With the recent non signing of Wes Welker, it is becoming more apparent to me that Robert Kraft is indeed the biggest issue with the Patriots. I have actually been saying this for five years now. It seems odd that the Patriots have not won a Super Bowl since Kraft stopped paying his players. Yes, there is a signing here and there ( think Vince Wilfork ) but these signings typically are the exact opposite of what the Patriots front office usually does.
Ever since the Patriots won their three Super Bowls, Kraft has had the fans of New England wrapped around his little finger. No matter what he did, it was all good. He had the stadium sold out every week, and tens of thousands on the waiting list for season tickets. The fans were coming every week, which of course was putting money in his pockets.
Kraft, ever the very shrewd businessman ( and a very smart one ) decided that he no longer wanted to spend money on the team anymore. Since the team was already good, the fans were going to come anyway regardless of what was going on during the game ( as long as they were competitive). Strangely, the team has now gone years without spending to the cap, and to Kraft it doesn't matter, because the money was rolling in.
Over the years, they have let big name players go and brought in "cheaper" talent to replace them, of course saving a ton of money. The team though still did well ( thank goodness for a terrible AFC EAST ) and the fans continued to pile in. They might not anymore.
Kraft has been known to be "cheap" for quite some time, even to his own players. A few years ago, I was talking with a very good friend of now retired player Kevin Faulk. His friend was telling me that Faulk was getting irritated that he wasn't returning punts as often. Faulk at the time was the AFC leader in punt return average, but yet was not returning punts nearly as much as he should have. One would think, his friend explained, that the team would want their best players on the field at all times. Then why wasn't Faulk returning more punts? He had a clause in his contract that if he led the league in punt return average he would get a pretty hefty bonus. Kraft didn't want to pay that bonus, so Faulk no longer returned punts. That is being cheap, and as far as I am concerned, that is telling me that Kraft cared more about the almight dollar than his team's fortunes. I think that still holds true today.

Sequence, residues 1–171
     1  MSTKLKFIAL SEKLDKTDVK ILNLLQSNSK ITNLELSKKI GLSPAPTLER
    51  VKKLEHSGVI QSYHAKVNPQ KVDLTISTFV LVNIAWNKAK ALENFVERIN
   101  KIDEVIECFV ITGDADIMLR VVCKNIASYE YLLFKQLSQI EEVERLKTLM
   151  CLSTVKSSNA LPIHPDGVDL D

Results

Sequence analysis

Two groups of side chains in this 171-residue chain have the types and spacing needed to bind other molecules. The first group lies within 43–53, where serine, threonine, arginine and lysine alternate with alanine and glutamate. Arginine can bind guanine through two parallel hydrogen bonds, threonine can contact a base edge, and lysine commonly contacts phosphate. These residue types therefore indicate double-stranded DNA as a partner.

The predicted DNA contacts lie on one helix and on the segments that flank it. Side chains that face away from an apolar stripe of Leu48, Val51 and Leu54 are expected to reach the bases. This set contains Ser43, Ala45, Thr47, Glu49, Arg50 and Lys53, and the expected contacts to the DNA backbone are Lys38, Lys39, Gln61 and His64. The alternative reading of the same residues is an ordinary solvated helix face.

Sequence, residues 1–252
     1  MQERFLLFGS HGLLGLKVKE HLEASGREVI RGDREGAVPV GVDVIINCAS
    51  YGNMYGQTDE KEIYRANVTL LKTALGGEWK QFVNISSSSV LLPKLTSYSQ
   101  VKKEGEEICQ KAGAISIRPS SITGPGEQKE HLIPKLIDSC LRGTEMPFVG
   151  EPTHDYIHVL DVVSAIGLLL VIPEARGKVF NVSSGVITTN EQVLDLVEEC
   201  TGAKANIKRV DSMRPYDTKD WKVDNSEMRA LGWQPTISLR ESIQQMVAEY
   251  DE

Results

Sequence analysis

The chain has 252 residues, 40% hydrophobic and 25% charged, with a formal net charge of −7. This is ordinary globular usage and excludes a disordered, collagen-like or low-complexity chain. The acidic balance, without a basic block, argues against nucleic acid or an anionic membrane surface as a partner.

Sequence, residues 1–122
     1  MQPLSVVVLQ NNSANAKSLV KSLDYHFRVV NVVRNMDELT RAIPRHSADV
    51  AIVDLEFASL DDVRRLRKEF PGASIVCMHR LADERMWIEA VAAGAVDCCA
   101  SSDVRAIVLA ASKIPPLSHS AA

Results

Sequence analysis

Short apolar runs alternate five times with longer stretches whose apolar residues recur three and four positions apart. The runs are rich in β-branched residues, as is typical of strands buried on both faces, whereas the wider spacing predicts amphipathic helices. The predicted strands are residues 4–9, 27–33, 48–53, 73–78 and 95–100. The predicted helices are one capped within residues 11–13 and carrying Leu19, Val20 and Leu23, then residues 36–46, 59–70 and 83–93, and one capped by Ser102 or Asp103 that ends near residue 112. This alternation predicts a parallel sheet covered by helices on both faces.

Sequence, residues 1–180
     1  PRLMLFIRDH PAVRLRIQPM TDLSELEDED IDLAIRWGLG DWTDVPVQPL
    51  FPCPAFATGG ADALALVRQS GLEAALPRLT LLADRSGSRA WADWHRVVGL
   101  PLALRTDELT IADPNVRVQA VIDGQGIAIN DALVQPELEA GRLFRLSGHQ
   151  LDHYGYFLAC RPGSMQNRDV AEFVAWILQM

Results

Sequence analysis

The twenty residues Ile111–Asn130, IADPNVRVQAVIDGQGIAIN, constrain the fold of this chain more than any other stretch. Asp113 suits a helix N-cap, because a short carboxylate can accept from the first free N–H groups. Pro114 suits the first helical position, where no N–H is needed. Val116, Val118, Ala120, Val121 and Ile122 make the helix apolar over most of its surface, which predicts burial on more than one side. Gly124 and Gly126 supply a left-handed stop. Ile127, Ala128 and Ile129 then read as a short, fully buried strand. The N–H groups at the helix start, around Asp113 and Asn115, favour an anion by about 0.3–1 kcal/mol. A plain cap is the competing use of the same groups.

The Patriots, as I mentioned before, have been under the salary cap for YEARS. The reason, I strongly believe, is because Kraft knows he can get away with it with the fans because of the team's past success. The gate receipts prove it. He doesn't want to pay players because it will cut into his bottom line. Which is make every penny possible.
Many in the past have blamed Bill Belichick for various signings and releases. After all, he is the General Manager. Sure he should take some blame, but how many of these personnel moves involve Kraft? I would bet just about every single one of them. I find it amazingly hard to believe that Belichick does not want to put the BEST players on the field at all times. I am sure he has a system and a strategy, but putting third and fourth tier talent on the field when the team has millions of dollars to spend cannot POSSIBLY be in his best interest. Is that really what he wants to do, or is Kraft putting a stop to spending any money? I am willing to bet it is the latter.
The Patriots are one of the most profitable franchises in the league, and probably all of sport. New England has the second highest ticket prices in the league ( and likely highest concessions too ) yet they are consistently under the salary cap. Coincidence? I don't think so.
Since the Patriots are so profitable, it would be pretty safe to assume that they give a lot to charity. That would be a very poor assumption indeed. The Krafts give as LITTLE as possible to charity. Yes, they do give and have various foundations, but as a whole they barely give anything considering their net worth. People think they give a ton because they are the Krafts. Those people would be wrong.
When the Patriots make poor personnel decisions ( and there are a lot ) most fans look to Bill Belichick for answers. As they should. But I think it is about time they start looking at the top, and they should do it real soon.